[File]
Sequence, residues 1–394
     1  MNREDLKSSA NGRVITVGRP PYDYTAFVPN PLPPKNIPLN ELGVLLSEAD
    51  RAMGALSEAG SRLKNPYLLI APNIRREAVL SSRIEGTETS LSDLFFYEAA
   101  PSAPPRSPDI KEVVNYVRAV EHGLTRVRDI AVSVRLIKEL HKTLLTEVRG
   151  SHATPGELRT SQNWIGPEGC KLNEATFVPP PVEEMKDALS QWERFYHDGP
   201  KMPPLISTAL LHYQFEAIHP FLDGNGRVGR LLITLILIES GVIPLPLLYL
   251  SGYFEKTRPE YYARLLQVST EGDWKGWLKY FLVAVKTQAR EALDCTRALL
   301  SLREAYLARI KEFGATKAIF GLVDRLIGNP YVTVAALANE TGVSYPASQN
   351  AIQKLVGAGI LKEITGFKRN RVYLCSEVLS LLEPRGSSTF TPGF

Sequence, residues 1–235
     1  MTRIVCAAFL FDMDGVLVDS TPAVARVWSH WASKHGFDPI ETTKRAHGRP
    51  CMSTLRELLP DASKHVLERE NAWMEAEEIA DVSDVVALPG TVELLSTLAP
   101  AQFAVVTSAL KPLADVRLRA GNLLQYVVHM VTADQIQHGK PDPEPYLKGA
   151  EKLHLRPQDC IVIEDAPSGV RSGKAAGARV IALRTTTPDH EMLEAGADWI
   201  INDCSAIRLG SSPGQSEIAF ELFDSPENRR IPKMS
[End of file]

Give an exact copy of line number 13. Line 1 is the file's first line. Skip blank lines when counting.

   101  AQFAVVTSAL KPLADVRLRA GNLLQYVVHM VTADQIQHGK PDPEPYLKGA